Alexander Karelin

“I train every day of my life as they have never trained a day in theirs.”

Justin is still out at the barbell cert, and we don’t have AC’s video yet. So we’re going to take a little time to consider the merits of weight class athletes in the world of 70’s Big.

Moving the iron is all well and good, but I personally cannot think of a more useful application of strength and power than tossing another human around. And nobody tossed humans around better than today’s subject.

Alexander Karelin is one of the greatest wrestlers of his generation athletes of all time. Karelin was a superheavyweight Greco-Roman wrestler that represented the old Soviet Union and, later, Russia. The Russian Bear went undefeated for 13 years in international competition, including a six-year stint where he didn’t give up a single point. Over this period he won 12 European Championships, nine world championships, three Olympic golds, and one Olympic silver (his last match was a loss in the finals). And lest we forget, at 6’3 290, he was definitely 70’s Big.

Greco-Roman differs from other forms of wrestling because all the action happens above the waist. Grabbing, hooking, or tripping the legs is forbidden. As a result, the throws are often quite dramatic. Body slams and suplexes are commonplace in Greco-Roman.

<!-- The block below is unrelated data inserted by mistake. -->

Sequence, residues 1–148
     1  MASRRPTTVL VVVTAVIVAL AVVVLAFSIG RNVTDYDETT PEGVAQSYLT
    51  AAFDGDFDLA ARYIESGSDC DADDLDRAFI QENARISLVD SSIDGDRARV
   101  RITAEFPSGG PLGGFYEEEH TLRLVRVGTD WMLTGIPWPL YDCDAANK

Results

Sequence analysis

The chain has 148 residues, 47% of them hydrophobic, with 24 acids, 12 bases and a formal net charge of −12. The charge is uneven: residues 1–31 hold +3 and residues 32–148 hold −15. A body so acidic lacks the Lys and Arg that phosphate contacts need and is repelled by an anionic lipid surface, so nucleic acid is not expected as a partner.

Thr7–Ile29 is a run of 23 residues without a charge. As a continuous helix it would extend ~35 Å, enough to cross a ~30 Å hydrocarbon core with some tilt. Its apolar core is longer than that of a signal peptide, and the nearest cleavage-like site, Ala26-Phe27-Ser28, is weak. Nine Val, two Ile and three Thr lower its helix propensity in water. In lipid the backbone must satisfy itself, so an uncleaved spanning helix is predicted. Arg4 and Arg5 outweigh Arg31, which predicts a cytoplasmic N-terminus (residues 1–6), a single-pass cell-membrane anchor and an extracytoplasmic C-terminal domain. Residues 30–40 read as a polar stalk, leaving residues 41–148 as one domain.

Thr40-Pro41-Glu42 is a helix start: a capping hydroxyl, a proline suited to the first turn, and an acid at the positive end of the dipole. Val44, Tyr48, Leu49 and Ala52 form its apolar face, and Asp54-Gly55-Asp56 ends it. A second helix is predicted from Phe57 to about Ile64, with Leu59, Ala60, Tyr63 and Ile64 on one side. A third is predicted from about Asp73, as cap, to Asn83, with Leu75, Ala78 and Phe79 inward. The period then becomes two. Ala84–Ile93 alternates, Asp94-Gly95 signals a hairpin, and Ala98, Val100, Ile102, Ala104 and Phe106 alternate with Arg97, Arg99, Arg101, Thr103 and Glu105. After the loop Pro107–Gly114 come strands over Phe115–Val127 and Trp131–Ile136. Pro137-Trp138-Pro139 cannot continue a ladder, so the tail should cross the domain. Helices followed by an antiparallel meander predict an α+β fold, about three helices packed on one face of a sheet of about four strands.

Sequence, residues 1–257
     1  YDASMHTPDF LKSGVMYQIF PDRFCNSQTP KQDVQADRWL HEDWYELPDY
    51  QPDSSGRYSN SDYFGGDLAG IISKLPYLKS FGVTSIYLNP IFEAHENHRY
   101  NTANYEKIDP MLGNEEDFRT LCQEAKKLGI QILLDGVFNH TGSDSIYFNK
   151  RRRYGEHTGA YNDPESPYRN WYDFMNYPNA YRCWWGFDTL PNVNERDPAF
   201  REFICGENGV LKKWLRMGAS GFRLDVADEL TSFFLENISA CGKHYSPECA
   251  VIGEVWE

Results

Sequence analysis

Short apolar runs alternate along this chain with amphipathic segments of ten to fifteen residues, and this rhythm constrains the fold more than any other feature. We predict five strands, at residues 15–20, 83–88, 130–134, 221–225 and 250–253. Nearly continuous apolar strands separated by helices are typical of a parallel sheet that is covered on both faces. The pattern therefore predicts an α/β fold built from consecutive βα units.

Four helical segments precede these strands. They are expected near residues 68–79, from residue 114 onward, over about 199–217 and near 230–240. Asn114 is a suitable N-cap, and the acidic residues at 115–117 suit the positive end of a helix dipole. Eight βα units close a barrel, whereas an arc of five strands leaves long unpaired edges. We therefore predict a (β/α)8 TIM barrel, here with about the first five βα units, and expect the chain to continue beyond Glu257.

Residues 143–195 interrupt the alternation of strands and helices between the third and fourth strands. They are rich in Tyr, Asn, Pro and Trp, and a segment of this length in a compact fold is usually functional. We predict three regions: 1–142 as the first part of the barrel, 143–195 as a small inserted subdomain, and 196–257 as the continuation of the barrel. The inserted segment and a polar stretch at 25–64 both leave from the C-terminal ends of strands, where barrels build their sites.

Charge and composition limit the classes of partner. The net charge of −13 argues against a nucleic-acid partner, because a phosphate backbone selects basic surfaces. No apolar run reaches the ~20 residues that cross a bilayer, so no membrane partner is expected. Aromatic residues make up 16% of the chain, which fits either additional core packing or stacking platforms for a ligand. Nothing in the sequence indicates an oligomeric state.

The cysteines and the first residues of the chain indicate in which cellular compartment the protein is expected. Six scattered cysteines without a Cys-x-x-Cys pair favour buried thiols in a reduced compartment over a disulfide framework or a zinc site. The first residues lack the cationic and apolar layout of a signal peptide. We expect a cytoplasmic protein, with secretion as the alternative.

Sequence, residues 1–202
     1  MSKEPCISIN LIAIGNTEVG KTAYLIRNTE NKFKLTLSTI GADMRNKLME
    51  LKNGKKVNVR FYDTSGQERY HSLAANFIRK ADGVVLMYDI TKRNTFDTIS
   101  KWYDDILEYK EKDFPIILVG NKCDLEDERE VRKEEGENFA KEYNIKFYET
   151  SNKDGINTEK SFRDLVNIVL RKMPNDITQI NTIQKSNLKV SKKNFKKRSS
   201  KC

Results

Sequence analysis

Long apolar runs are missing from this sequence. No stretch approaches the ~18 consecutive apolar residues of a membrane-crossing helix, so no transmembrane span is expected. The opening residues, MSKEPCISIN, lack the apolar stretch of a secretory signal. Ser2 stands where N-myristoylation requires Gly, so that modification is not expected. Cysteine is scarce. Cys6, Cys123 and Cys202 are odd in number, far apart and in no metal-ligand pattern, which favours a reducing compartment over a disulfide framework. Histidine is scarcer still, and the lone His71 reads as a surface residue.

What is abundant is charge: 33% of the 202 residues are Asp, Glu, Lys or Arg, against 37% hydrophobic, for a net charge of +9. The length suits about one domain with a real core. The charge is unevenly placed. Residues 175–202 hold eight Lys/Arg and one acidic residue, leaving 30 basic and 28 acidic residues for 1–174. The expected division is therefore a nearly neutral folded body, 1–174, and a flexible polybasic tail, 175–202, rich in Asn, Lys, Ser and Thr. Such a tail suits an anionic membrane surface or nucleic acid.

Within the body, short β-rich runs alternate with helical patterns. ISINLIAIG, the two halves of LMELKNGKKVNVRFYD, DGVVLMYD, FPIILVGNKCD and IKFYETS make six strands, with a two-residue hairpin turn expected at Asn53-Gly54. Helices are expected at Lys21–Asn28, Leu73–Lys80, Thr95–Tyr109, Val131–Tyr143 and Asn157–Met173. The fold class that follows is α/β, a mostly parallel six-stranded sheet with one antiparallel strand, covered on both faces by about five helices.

You can get a feel for the setups by watching Karelin in this video:

Karelin wrestled at 130 kg, but he was impossibly fast and athletic. The big guys couldn”t keep up with him. No other wrestler matched his strength, either. Opponents were so scared of being slammed that many sprawled onto the mat (giving up dominant position and possibly points!) hoping to avoid being thrown for big points. Karelin countered this by applying his signature reverse body lift, which was a gutwrench suplex off the mat! This move affectionately became known as the Karelin Lift.

To put this into perspective, try to clean a 300 pound resisting object from the floor. Do this multiple times over three two-minute periods, and you get the idea. Still not clear? Here you go:

As is customary with dominant athletes, Karelin was accused of using performance enhancing drugs like HGH and steroids. Many referred to him as “The Experiment, “a not so-subtle dig at the U.S.S.R.’s tendency to dispense testosterone like it was candy. However, Karelin never failed a drug test his entire career (and Olympic drug tests actually have some teeth). When asked about these rumors, Karelin shrugged and said, “People cannot believe I am natural because I train every day of my life as they have never trained a day in theirs.”